EducationBorrowers face billing issues in a rocky return to US student loan...

Borrowers face billing issues in a rocky return to US student loan payments

student loan payments taking place across US
Joe Biden alongside Education Secretary Miguel Cardona, right, on Aug. 24, 2022, in the Roosevelt Room of the White House in Washington, D.C.

October ushered in the resumption of federal student loan payments for over 28 million borrowers, concluding a three-and-a-half-year hiatus enforced during the pandemic. A mere two months into this reinstatement, Mohela (the Missouri Higher Education Loan Authority) has emerged as a standout among federal loan servicers due to administrative oversights, such as dispatching belated bills and executing erroneous auto-debits, as per grievances and interviews. Faced with interminable wait times from representatives, specific borrowers have sought counsel on subreddits and Facebook groups to navigate challenges with their accounts.

In October, Veronica Newsom, a Seattle-based therapist, experienced an alarming revelation when she discovered an automatic debit of over $600 from her bank account for a student loan payment.

Having applied for an income-based repayment plan in late summer, Newsom anticipated a sum less than $200. Mohela, the company servicing her federal student loans, appeared to debit her account the pre-pandemic monthly amount, leaving her financially strained, coinciding with a property tax payment deadline. The Department of Education penalized Mohela at the end of October, withholding a $7.2 million payment and instituting administrative forbearance for affected accounts.

Despite applying to halt automatic payments, Newsom’s request remains pending over a month later. Mohela defers inquiries about loan servicing to the Department of Education, which assures stringent monitoring and corrective actions. The return to student loan payments for a substantial cohort simultaneously predicted challenges, exacerbated by loan servicing company exits during the payment pause. This led to the transfer of numerous borrowers’ loans to new providers.

A coalition of senators, led by Elizabeth Warren, foresaw challenges faced by borrowers like Newsom and questioned loan servicing companies in July about ensuring a seamless transition and averting errors.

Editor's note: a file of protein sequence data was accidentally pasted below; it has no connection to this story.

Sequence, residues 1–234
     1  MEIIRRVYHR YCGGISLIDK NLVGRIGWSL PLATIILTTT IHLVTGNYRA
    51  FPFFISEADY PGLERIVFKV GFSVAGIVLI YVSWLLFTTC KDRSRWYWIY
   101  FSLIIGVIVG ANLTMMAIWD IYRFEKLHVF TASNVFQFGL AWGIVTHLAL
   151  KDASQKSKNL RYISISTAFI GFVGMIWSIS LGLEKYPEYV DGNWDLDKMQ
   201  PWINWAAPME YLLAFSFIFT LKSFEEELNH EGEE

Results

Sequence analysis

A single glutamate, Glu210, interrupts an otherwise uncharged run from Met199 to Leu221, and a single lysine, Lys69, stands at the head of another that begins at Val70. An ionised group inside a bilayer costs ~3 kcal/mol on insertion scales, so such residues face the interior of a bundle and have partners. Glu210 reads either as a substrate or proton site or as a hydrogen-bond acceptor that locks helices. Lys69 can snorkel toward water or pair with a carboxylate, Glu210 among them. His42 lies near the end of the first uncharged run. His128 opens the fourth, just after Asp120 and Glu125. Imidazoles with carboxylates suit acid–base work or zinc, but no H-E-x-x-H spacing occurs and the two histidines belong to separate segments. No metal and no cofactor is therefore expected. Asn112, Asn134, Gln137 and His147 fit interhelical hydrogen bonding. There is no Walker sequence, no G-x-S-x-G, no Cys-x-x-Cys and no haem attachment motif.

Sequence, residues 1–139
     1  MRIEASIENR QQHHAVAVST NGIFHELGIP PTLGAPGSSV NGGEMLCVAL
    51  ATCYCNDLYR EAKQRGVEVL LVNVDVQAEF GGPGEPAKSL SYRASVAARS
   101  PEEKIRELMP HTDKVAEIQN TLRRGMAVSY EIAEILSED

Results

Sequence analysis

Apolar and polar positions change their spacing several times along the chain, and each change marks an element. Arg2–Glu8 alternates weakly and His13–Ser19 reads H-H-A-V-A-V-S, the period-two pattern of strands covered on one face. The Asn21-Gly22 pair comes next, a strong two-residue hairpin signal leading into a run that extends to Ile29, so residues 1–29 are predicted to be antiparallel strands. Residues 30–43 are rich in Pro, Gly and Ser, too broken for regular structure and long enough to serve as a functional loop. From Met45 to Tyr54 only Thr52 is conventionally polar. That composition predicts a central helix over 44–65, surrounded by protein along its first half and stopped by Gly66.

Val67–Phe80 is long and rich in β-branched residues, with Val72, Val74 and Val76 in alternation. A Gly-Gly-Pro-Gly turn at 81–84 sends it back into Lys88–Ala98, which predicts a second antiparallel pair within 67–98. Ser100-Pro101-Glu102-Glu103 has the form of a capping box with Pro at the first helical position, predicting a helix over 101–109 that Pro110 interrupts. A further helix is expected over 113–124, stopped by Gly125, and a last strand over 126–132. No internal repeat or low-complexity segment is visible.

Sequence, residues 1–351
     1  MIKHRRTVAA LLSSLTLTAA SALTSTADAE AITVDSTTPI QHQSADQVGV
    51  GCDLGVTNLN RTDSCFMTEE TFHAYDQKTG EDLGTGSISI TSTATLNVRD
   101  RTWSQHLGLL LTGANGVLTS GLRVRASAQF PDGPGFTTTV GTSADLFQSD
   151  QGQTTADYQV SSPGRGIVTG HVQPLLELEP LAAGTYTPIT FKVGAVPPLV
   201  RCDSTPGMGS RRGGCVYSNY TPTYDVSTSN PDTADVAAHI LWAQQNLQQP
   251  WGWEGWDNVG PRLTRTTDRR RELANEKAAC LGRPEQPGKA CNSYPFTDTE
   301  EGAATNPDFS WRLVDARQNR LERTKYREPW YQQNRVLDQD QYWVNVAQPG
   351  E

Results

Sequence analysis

Mohela’s loan servicing load nearly tripled from the onset of the pandemic to this summer, with over 7.5 million borrowers in August, according to a letter responding to lawmakers’ inquiries. The transfer of accounts appears to be a primary source of many issues.

Advocates assert that this convergence of factors creates a perfect storm for borrowers, exposing and exacerbating systemic issues within the student loan servicing system. Cathy Banks, a nurse in North Carolina navigating discrepancies in bills after her loans’ transfer to Mohela, expresses frustration and uncertainty about her future financial stability.

Other borrowers, like John Ferris, find themselves receiving bills from Mohela despite their loans being eligible for forgiveness. Ferris, who participated in a class-action lawsuit resulting in loan discharge, grapples with persistent issues and frustrating customer service interactions.

Deputy Executive Director of the Student Borrower Protection Center, Persis Yu, notes that some borrowers reluctantly pay erroneous bills to avoid potential complications, highlighting their precarious situation. Ferris managed to resolve his issues by providing legal documentation, but Banks and Newsom are still awaiting resolutions, with Newsom contemplating turning off auto-payments through her bank.

The labyrinthine challenges borrowers like Newsom, Banks, and Ferris face underscore the profoundly entrenched issues within the student loan servicing system. As the Department of Education strives to address and rectify these concerns, borrowers navigate a landscape fraught with uncertainties, hoping for a more streamlined and error-free future in managing their student loans.

Nathan Enzo
Nathan Enzo
A professional writer since 2014 with a Bachelor of Arts in Journalism and Mass Communication, Nathan Enzo ran the creative writing department for the major News Channels until 2018. He then worked as a Senior content writer with, including national newspapers, magazines, and online work. He specializes in media studies and social communications.


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